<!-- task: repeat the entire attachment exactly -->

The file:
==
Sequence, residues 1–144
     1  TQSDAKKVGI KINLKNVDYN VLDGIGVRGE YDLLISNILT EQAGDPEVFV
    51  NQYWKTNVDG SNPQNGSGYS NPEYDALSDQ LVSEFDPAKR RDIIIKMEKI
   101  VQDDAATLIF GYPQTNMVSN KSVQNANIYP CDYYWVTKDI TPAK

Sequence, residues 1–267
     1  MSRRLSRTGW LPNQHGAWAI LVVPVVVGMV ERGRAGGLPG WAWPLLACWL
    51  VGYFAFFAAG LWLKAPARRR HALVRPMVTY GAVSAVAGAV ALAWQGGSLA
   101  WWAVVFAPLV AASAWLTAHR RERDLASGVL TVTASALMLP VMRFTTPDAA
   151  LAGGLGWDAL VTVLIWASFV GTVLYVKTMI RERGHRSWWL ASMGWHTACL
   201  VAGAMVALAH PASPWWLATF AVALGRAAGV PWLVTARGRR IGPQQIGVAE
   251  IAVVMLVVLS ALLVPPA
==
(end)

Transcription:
Sequence, residues 1–144
     1  TQSDAKKVGI KINLKNVDYN VLDGIGVRGE YDLLISNILT EQAGDPEVFV
    51  NQYWKTNVDG SNPQNGSGYS NPEYDALSDQ LVSEFDPAKR RDIIIKMEKI
   101  VQDDAATLIF GYPQTNMVSN KSVQNANIYP CDYYWVTKDI TPAK

Sequence, residues 1–267
     1  MSRRLSRTGW LPNQHGAWAI LVVPVVVGMV ERGRAGGLPG WAWPLLACWL
    51  VGYFAFFAAG LWLKAPARRR HALVRPMVTY GAVSAVAGAV ALAWQGGSLA
   101  WWAVVFAPLV AASAWLTAHR RERDLASGVL TVTASALMLP VMRFTTPDAA
   151  LAGGLGWDAL VTVLIWASFV GTVLYVKTMI RERGHRSWWL ASMGWHTACL
   201  VAGAMVALAH PASPWWLATF AVALGRAAGV PWLVTARGRR IGPQQIGVAE
   251  IAVVMLVVLS ALLVPPA